Learn the true meaning of “upcycling” with Etsy at Craft Bar! »
The Museum of Craft and Folk Art (MCFA) in San Francisco has a Craft Bar! And at Craft Bar on Thursday, Jan. 6 from 6 to 9 p.m., Etsy Labs will teach you how to turn disposable plastic shopping bags into useful items like aprons, or perhaps sturdier plastic bags suitable for multiple uses! Katherine Coleman from KJC Designs will demonstrate how to make a “felt bib necklace,” Kelly Ball from Realia will make “coil-wrapped wire rings,” and “local artist Nicole Royer will be teaching a workshop on how to upcycle old jeans into beautiful necklaces.”
Also, beer! There will be beer “kindly provided” by Trumer Pils, which isn’t listed on Barnivore but is served at multiple vegan restaurants, so we guess it’s cruelty-free. Does “kindly provided” mean “free”—we’re not sure! But we are finding out for you, and will update once we know! Sweets la Petite will provide snacks—cupcakes—and they don’t have vegan flavors, so you’ll want that beer for a nice pre-dinner snack. Or dinner, you know we don’t judge.
It costs $5 to get into the museum, at which point Craft Bar is free, including all materials for crafting. The MCFA is at 51 Yerba Buena Lane, between Mission and Market and Third and Fourth Streets in SOMA. You should go! Plastic refuse is choking our seas and poisoning every living creature on Earth—make something useful from some of your plastic trash, already! Live by the three R’s, die by the three R’s.
Update: Katy tells us that the beer will be free—though donations to the museum are always deeply appreciated!—and chips and salsa may make an appearance as well. Thanks, Katy!
Save the songbirds: reuse your wrapping paper! »
I ran across this post on thedailygreen.com about songbirds and the paper industry. Apparently, “logging of the boreal forest in Canada and Siberia is happening at a lightning-quick pace that is proving too speedy for many that live there.” What can you do? Buy recycled paper!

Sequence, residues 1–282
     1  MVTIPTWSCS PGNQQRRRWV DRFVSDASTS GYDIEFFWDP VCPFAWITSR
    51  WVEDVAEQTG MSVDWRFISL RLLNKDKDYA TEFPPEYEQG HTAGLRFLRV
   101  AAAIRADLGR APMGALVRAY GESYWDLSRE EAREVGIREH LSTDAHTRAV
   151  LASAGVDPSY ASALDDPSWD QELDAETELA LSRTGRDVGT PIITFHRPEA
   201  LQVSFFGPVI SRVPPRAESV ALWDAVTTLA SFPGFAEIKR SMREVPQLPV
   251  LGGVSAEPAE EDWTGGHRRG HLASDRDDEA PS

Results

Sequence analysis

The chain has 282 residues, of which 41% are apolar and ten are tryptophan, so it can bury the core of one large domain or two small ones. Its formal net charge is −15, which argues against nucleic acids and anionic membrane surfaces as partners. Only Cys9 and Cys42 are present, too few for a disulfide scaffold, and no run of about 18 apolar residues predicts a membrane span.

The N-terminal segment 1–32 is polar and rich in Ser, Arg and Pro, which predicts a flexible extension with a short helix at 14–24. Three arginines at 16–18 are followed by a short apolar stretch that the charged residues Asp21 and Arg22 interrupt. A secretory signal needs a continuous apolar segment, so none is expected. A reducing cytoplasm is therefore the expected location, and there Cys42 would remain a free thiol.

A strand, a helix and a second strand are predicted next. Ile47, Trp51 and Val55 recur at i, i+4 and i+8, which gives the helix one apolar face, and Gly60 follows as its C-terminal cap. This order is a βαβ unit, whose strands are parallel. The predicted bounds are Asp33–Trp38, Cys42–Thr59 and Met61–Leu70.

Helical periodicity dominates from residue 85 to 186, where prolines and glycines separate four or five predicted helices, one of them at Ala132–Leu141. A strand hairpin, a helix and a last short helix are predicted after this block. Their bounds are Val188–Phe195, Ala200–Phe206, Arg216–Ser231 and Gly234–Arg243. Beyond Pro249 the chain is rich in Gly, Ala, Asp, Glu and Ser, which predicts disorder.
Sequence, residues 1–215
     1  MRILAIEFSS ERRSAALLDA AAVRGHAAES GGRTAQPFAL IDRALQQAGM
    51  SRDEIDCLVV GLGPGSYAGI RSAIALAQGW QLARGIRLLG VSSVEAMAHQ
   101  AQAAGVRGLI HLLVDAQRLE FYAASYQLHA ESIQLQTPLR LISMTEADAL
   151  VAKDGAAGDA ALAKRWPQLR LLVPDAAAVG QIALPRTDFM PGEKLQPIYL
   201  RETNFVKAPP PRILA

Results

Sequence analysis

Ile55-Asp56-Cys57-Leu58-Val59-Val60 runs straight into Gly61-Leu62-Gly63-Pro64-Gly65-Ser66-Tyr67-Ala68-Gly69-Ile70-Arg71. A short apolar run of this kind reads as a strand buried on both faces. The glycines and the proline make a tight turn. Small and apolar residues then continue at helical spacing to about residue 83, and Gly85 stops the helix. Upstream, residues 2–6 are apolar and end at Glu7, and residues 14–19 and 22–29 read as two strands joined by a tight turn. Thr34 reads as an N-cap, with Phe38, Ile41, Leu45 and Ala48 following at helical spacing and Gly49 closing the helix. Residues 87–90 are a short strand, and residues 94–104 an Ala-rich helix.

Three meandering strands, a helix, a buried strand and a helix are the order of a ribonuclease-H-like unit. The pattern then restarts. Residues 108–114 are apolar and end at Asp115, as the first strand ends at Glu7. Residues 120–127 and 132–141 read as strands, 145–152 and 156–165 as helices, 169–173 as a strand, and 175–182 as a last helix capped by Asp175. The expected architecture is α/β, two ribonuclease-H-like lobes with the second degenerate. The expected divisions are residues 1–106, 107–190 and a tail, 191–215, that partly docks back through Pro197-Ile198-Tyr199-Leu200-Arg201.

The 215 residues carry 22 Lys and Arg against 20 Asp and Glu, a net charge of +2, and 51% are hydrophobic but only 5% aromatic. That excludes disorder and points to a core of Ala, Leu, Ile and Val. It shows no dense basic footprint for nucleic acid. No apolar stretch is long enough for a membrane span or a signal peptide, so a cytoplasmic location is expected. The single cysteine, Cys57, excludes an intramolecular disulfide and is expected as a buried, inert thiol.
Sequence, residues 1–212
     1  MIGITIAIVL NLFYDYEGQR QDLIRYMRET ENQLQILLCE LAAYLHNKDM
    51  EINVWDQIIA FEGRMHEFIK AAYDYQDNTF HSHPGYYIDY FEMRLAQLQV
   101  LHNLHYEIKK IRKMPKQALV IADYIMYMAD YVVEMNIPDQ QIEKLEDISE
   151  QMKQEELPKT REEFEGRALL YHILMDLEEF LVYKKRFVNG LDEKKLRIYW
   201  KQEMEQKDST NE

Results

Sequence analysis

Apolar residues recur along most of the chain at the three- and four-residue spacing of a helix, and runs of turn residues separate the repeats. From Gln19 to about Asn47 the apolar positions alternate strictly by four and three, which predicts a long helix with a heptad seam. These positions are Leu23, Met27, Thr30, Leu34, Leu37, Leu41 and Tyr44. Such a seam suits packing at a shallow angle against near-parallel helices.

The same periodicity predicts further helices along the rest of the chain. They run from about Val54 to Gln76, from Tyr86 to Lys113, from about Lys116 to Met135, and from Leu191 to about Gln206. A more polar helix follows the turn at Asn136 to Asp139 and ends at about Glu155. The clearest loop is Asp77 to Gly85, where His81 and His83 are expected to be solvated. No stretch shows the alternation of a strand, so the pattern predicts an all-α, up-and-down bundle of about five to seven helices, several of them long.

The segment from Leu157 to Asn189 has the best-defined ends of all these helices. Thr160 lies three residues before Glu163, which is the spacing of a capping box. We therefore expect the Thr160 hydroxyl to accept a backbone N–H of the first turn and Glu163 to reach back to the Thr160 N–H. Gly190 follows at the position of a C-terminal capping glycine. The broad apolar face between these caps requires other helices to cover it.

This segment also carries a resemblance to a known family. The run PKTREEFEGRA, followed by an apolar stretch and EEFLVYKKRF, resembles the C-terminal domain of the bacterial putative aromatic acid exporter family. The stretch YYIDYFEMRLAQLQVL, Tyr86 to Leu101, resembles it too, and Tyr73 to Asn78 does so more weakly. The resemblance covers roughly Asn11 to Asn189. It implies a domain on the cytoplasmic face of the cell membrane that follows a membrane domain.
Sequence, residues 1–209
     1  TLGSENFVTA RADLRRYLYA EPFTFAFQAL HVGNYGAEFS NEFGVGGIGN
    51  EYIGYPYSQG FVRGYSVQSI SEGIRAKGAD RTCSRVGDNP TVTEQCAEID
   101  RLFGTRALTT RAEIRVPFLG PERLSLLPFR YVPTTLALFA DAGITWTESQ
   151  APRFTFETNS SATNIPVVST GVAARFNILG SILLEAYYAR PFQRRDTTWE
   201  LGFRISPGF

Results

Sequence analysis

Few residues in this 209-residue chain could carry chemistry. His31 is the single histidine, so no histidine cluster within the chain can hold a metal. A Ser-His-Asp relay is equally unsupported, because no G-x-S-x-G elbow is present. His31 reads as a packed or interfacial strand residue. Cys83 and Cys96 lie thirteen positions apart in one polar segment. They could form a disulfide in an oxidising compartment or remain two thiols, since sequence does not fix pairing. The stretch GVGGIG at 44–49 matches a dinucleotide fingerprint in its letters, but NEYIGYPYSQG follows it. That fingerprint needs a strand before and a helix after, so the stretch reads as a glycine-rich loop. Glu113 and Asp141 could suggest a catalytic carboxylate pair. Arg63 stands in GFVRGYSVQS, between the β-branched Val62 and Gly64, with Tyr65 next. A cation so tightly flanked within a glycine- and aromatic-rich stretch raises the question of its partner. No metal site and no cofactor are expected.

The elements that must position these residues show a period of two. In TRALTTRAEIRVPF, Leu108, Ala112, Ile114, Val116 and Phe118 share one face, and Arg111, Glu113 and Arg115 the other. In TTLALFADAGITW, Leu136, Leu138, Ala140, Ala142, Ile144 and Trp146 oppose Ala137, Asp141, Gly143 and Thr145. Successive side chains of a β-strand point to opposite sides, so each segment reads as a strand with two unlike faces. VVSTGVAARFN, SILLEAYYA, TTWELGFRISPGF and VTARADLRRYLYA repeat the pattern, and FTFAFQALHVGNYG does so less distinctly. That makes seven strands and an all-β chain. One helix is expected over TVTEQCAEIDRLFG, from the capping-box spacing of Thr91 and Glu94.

Greenlife.com has a similar story and tells us this issue is especially relevant during the holiday season: “Americans throw away up to 25 percent more garbage (5 million tons more than the average daily amount of 3.5 pounds of garbage we usually throw away) between Thanksgiving and the New Year.” Yowza! That’s a lot of wrapping paper! And most of it isn’t even recyclable so it has to end up in the trash (unless you recycle it yourself—get crafty!).
There are many companies that sell recycled wrapping paper but the easiest way to save trees (and birds in those trees) is not to buy wrapping paper at all. I generally wrap presents in old newspapers during the year but my mom keeps us rich in Christmas wrapping paper so I usually wrap all my presents with that. Not next year! Actually, my brother and his wife did the whole newspaper-wrapping this year. They decorated the paper with cut outs from magazines (mine had puppies and female action heros, my dad’s had naked chicks)—they were fun! And more importantly, recycled.
[image from energyace.com]